Cilantro – Love it or Leave It

Thai Cilantro Sauce

Photo by Lorelle Del Matto

I adore herbaceous green sauces to embellish the simplest dishes – grilled chicken, pork…or juicy flank steak…a platter or raw tomatoes.  Pestos made with basil, arugula, cilantro-pecan and tarragon wait in my freezer for just the recipe or menu idea. I’ve built blogs around other favorites, Argentinian Chimichurri and Italian Salsa Verde


 So when my husband shot me an email with a recipe for a Thai cilantro sauce he tasted in his lunchroom made by a colleague, I-Lay (pronounced eye-lie), I had to give it a whirl.  It is zestier than zesty with the amalgam of flavors you expect from Thai cooking –citrusy acidity mixed with sweet, hot and herbaceous notes.


I used part of the sauce to spread personality on mild mannered Alaskan cod filets with a little extra salt and pepper before grilling.  We drizzled more cilantro sauce on at the table. 


Herbs have health benefits, including making food tasty with less salt and fat. Cilantro is a source of vitamin K and the health-promoting phytochemicals, apegenin, beta-carotene, kaemferol, quercetin, rutin.  (Reference 1).  Fresh chilis, another prominent ingredient in this dish, provide vitamins C and A. 


Cilantro, sometimes called coriander leaves or Chinese parsley is a work horse in many cuisines around the world – Mexican and Latin American, Indian, Chinese, Southeast Asian, North African and the eastern Mediterranean.  An ancient seasoning, records of cilantro’s use date back to 5000 BCE.  (Reference 1).  The cilantro roots are often ground and used as a seasoning and coriander seeds are widely used as a seasoning around the world, too.


I don’t serve cilantro-centric recipes to people whose palates I don’t know.  It is a black or white food – people love it or hate it.  The word cilantro is derived from a Greek word that means “stink bug” (Reference 1) which aligns with the opinion of those who dislike it, including the late culinary expert Julia Child, according to an article in the New York Times (Reference 2).  The article explains that there may be a genetic link to the off-putting soapy aroma and flavor some describe.  Chemists have identified compounds in cilantro, including fat fragments called aldehydes, that are the same or similar to those in soaps, lotions and some insects.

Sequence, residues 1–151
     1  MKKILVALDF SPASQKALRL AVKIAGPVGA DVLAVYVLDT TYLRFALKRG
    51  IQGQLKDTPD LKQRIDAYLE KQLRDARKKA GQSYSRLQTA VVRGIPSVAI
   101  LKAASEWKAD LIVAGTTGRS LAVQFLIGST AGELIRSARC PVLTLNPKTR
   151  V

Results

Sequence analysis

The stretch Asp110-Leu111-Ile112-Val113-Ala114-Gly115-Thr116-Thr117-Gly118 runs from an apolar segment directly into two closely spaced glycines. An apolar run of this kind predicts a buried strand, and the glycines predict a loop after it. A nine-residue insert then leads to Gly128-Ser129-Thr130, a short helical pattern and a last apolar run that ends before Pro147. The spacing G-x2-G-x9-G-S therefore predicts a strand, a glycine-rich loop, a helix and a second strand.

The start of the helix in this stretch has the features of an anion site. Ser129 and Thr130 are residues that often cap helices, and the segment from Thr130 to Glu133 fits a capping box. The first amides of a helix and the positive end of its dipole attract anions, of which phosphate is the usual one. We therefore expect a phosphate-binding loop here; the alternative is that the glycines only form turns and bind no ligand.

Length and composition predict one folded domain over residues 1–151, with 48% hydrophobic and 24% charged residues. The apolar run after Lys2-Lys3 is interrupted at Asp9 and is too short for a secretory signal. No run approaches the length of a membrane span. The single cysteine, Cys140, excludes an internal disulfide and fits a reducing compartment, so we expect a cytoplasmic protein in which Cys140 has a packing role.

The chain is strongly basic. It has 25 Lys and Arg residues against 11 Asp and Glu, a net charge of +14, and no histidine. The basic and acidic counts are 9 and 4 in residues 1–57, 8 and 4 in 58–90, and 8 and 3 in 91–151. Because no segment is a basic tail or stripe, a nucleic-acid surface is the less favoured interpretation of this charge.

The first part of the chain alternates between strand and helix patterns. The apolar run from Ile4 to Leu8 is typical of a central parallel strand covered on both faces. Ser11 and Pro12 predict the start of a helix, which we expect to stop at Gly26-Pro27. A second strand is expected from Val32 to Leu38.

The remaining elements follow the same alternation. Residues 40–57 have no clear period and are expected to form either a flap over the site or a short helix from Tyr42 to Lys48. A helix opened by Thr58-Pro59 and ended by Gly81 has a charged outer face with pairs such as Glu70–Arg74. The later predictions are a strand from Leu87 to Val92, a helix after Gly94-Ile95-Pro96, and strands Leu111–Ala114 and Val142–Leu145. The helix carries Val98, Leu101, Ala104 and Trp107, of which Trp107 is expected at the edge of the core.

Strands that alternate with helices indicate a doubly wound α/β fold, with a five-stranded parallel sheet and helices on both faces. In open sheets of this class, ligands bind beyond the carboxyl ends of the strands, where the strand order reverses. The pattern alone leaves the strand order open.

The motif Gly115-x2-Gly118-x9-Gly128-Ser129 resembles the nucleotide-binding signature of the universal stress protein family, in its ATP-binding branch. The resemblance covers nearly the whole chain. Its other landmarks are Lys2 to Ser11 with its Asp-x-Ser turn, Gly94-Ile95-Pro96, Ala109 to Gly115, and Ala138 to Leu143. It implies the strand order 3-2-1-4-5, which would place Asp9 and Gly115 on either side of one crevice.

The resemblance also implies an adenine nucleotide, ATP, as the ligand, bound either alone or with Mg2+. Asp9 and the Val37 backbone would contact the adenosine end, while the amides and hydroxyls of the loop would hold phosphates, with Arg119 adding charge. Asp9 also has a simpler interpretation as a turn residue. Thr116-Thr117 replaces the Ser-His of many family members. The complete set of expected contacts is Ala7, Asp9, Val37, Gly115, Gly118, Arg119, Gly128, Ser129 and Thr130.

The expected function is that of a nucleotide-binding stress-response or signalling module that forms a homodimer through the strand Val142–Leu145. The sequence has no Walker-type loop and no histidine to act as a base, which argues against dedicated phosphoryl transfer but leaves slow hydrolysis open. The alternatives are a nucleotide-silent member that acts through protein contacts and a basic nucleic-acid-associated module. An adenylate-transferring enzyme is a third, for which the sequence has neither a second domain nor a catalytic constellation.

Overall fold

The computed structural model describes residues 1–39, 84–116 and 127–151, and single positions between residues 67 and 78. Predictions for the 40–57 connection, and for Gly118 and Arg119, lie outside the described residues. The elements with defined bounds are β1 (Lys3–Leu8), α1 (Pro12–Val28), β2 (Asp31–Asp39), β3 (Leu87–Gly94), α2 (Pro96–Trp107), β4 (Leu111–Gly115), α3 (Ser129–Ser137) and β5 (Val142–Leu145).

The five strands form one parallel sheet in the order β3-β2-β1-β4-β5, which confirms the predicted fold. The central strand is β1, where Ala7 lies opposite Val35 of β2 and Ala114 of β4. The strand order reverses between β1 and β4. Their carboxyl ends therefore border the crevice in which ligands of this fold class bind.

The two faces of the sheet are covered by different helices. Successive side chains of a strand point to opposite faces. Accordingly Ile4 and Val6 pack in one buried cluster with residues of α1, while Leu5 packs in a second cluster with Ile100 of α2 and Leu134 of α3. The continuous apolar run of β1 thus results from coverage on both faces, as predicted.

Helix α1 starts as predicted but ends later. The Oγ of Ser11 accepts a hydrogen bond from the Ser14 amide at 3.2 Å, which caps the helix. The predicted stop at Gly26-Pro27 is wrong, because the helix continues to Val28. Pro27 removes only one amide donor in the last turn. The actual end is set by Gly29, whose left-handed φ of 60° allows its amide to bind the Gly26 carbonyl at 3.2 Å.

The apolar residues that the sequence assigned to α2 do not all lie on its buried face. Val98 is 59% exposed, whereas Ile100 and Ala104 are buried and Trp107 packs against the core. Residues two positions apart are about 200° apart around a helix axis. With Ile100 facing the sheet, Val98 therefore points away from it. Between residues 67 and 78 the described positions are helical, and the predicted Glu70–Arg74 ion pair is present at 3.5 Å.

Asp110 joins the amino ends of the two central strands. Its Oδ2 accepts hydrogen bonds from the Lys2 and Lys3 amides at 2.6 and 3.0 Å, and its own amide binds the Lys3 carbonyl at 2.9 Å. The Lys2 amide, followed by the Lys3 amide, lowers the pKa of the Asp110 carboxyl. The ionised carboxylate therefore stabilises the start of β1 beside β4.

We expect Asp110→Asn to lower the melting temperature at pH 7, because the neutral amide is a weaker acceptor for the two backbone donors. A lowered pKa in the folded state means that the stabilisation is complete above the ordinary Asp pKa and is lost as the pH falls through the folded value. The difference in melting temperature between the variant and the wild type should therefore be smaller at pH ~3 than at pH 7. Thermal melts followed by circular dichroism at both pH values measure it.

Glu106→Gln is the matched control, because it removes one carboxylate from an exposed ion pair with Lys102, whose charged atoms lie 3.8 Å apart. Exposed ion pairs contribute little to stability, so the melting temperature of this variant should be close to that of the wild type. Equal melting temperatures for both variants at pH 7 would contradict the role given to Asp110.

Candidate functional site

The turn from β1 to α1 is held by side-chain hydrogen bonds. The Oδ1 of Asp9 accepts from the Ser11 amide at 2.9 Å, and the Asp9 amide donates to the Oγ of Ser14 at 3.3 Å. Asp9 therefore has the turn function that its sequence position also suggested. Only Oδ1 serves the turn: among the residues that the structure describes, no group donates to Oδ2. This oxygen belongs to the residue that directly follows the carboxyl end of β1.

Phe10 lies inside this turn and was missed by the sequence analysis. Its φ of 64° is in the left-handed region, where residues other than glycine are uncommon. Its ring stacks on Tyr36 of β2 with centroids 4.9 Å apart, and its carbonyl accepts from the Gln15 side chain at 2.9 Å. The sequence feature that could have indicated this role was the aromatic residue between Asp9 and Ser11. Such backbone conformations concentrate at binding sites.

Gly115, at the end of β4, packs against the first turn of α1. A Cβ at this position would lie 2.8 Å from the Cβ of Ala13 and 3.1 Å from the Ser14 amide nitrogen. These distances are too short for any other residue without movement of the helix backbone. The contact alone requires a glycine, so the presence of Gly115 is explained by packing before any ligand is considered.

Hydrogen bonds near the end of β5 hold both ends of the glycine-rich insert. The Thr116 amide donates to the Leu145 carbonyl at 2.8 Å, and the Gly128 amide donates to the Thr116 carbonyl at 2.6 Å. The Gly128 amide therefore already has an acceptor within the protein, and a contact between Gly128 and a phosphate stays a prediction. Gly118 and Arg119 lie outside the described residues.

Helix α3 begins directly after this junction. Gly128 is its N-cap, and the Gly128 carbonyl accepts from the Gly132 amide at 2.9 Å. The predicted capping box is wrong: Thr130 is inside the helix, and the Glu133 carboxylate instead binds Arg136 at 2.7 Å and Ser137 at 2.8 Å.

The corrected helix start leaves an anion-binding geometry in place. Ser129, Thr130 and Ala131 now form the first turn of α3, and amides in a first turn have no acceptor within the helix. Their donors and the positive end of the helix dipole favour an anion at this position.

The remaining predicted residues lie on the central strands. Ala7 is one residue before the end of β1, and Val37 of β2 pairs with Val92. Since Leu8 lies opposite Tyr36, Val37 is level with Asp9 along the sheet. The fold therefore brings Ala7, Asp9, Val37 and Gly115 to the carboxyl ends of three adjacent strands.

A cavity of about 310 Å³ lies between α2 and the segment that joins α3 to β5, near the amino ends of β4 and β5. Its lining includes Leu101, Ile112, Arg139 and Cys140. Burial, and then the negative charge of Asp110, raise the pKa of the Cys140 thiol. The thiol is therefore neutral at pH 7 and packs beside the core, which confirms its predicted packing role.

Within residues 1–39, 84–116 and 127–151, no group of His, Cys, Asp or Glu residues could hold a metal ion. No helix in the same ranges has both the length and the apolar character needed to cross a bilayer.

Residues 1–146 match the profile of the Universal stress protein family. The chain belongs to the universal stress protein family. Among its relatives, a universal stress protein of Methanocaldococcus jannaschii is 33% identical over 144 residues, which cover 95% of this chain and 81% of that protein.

While there are reports of people turning their cilantro-aversions around with repeated positive exposures (Reference 2), there are plenty of cilantro aficionados who will enjoy this recipe.  I was struck with its versatility as I whirled together the ingredients; swap the Thai peppers for serranos and added a little cumin to make a Latin sauce and spoon it over a taco.  Or use to wake up that lunchtime sandwich,  top off a bowl of your favorite bean or vegetable soup or…. 

Thai Cilantro Sauce

I adapted this recipe from I-Lay’s general directions and tamed it to our tastes by blanching the garlic and using fewer Thai chilies, which can be very hot.  If you want to make it more mild, try substituting jalapenos which sometimes have little to no heat (try a tiny bit) and remove the seeds.  

4 1/2 cups lightly packed washed, stemmed (small, tender stems are ok) cilantro leaves, about 2 generous bunches

6 cloves fresh garlic*

3 Thai chili peppers, seeds removed

3 to 4 teaspoons granulated sugar

1/2 teaspoon kosher salt

3 tablespoons fresh lime juice

2 tablespoons fish sauce

1/4 to 1/3 cup water (use water from simmering garlic)

In food processor container, combine cilantro, garlic, chili peppers, 3 teaspoons sugar and salt.  Process until finely chopped, stopping to scrape bowl a couple of times.  Add lime juice, fish sauce, and 1/4 cup water.  Process again until blended.  Taste and adjust ingredients to taste.  Chill for at least 1 hour for flavors to blend.  Makes 1 generous cup.

*To tame the raw garlic flavor simmer cloves in boiling water for 30 seconds.  Cool. Reserve water for thinning sauce.


1. American Institute for Cancer Research 

2. Cilantro Haters, it’s not Your Fault, Harold McGee. The New York Times. April 13, 2010.  Link to Article

Copyright© Lorelle S Del Matto 2012







lorelle About lorelle

Crazy about cooking, eating and sharing good food – my work and leisure revolve around the kitchen. As a culinary dietitian my professional life encompasses nutrition counseling and education, recipe development, product development, food and nutrition writing, marketing communications, corporate test kitchen and consumer affairs management, food styling and work as a product spokesperson.


  1. Love it! I want to try some of that salsa looks delicious. I ralely need to learn how to can did it take a bit upfront investment of stuff (I see the the big display of stuff at Target and get nervous)

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